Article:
138. The WHOIS Directory Service
  139. LDAP: A Sophisticated Directory Service
  140. LDAP Programming with Perl
  141. The Initial LDAP Connection
  142. Performing LDAP Searches
  143. Entry Representation in Perl
  144. Adding Entries with LDIF
  145. Adding Entries with Standard LDAP Operations
  146. Deleting Entries
  147. Modifying Entry Names
  148. Modifying Entry Attributes
  149. Deeper LDAP Topics
  150. Putting It All Together
  151. Active Directory Service Interfaces
  152. ADSI Basics
  153. Using ADSI from Perl
  154. Dealing with Container/Collection Objects
  155. Identifying a Container Object
  156. So How Do You Know Anything About an Object?
  157. Searching
  158. Performing Common Tasks Using the WinNT and LDAP Namespaces
  159. Working with Users via ADSI
  160. Working with Groups via ADSI
  161. Working with File Shares via ADSI
  162. Working with Print Queues and Print Jobs via ADSI
  163. Working with Windows-Based Operating System Services via ADSI
  164. Module Information for This Chapter
  165. References for More Information
  166. LDAP
  167. ADSI
  168. 10. Log Files
  169. Reading Text Logs
  170. Reading Binary Log Files
  171. Using unpack()
  172. Calling an OS (or Someone Else’s) Binary
  173. Using the OS’s Logging API
  174. Structure of Log File Data
  175. Dealing with Log File Information
  176. Space Management of Logging Information
  177. Log Parsing and Analysis
  178. Writing Your Own Log Files
  179. Logging Shortcuts and Formatting Help
  180. Basic/Intermediate Logging Frameworks
  181. Advanced Logging Framework
  182. Module Information for This Chapter
  183. References for More Information
  184. 11. Security
  185. Noticing Unexpected or Unauthorized Changes
  186. Local Filesystem Changes
  187. Changes in Data Served Over the Network
  188. Noticing Suspicious Activities
  189. Local Signs of Peril
  190. Finding Problematic Patterns
  191. Danger on the Wire, or “Perl Saves the Day”
  192. Preventing Suspicious Activities
  193. Suggest Better Passwords
  194. Reject Bad Passwords
  195. Module Information for This Chapter
  196. References for More Information
  197. 12. SNMP
  198. Using SNMP from Perl
  199. Sending and Receiving SNMP Traps, Notifications, and Informs
  200. Alternative SNMP Programming Interfaces
  201. Module Information for This Chapter
  202. References for More Information
  203. 13. Network Mapping and Monitoring
  204. Network Mapping
  205. Discovering Hosts
  206. Discovering Network Services
  207. Physical Location
  208. Presenting the Information
  209. Textual Presentation Tools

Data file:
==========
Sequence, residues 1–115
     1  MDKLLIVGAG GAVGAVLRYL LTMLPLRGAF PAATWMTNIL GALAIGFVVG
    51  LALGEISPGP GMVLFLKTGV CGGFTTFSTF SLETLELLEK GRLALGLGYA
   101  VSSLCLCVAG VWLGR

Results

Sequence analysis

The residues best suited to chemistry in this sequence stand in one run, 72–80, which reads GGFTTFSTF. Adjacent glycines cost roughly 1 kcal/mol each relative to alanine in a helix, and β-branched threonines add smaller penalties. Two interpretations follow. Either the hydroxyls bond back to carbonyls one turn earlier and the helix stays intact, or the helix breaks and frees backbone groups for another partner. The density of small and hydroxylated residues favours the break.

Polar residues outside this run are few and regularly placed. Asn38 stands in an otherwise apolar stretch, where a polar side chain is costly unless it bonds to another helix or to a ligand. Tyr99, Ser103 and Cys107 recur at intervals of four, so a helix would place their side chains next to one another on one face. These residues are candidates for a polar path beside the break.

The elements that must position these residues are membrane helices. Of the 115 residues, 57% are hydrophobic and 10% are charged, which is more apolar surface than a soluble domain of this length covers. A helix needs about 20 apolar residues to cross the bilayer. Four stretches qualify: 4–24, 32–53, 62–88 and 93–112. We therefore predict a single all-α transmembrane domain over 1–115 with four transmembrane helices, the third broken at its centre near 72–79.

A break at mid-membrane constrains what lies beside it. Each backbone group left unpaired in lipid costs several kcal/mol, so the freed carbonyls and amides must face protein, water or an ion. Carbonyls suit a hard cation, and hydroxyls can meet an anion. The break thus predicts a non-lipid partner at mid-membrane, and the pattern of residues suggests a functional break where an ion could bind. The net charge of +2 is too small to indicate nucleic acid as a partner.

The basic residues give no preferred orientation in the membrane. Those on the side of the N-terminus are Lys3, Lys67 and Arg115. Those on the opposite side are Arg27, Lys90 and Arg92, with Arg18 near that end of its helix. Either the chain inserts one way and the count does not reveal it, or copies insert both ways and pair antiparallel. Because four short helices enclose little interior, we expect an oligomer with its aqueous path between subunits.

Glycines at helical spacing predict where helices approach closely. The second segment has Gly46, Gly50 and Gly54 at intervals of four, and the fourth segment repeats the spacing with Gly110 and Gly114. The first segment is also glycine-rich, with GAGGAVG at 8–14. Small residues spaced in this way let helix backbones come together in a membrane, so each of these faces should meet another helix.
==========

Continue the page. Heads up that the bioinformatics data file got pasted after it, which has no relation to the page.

210. Graphical Presentation Tools
  211. Monitoring Frameworks
  212. Extending Existing Monitoring Packages
  213. What’s Left?
  214. Module Information for This Chapter
  215. References for More Information
  216. 14. Experiential Learning
  217. Playing with Timelines
  218. Task One: Parsing crontab Files
  219. Task Two: Displaying the Timeline
  220. Task Three: Writing Out the Correct XML File
  221. Putting It All Together
  222. Summary: What Can We Learn from This?
  223. Playing with Geocoding
  224. Geocoding from Postal Addresses
  225. Geocoding from IP Addresses
  226. Summary: What Can We Learn from This?
  227. Playing with an MP3 Collection
  228. Summary: What Can We Learn from This?
  229. One Final Exploration
  230. Part One: Retrieving the Wiki Page with WWW::Mechanize
  231. Part Two: Extracting the Data
  232. Part Three: Geocoding and Mapping the Data
  233. Summary: What Can We Learn from This?
  234. Remember to Play
  235. Module Information for This Chapter
  236. Source Material for This Chapter
  237. A. The Eight-Minute XML Tutorial
  238. B. The 10-Minute XPath Tutorial
  239. C. The 10-Minute LDAP Tutorial
  240. D. The 15-Minute SQL Tutorial
  241. E. The Five-Minute RCS Tutorial
  242. F. The Two-Minute VBScript-to-Perl Tutorial
  243. G. The 20-Minute SNMP Tutorial
  244. Index
书名:使用Perl实现系统管理自动化(第二版,影印版)
国内出版社:东南大学出版社
出版时间:2009年12月
页数:639
书号:978-7-5641-1928-7
原版书出版商:O'Reilly Media
David N. Blank-Edelman
 
David N. Blank-Edelman 是美国东北大学计算机和信息科学学院的技术总监。他在大型跨平台的系统/网络管理方面有二十五年的经验,其中包括在布兰迪斯大学、剑桥技术集团以及麻省理工学院媒体实验室的历练。他还是 Large Installation System Administration(LISA)大会 2005 年的主席,也是 2006 年的特约演讲者和联合主席。
 
 
The animal on the cover of Automating System Administration with Perl, Second Edition,
is a sea otter. North American sea otters make their homes along the Pacific coast,
near the kelp beds containing the shellfish that make up the majority of their diet. Sea
otters can be found in great numbers in Alaska and on beaches as far south as California.
Sea otters are agile, intelligent mammals and are known to make ingenious use of tools.
Floating on their backs, they hold a shellfish such as a mussel or abalone on their bellies
and use a rock to break the shell.
Intensely social, sea otters gather to float in groups called rafts. They are excellent
swimmers, propelling themselves swiftly through the water with their flipper-like,
webbed back paws. Their thick fur provides them with efficient insulation in the water.
At times, their existence has been threatened as they have been mercilessly hunted to
near extinction for their fur.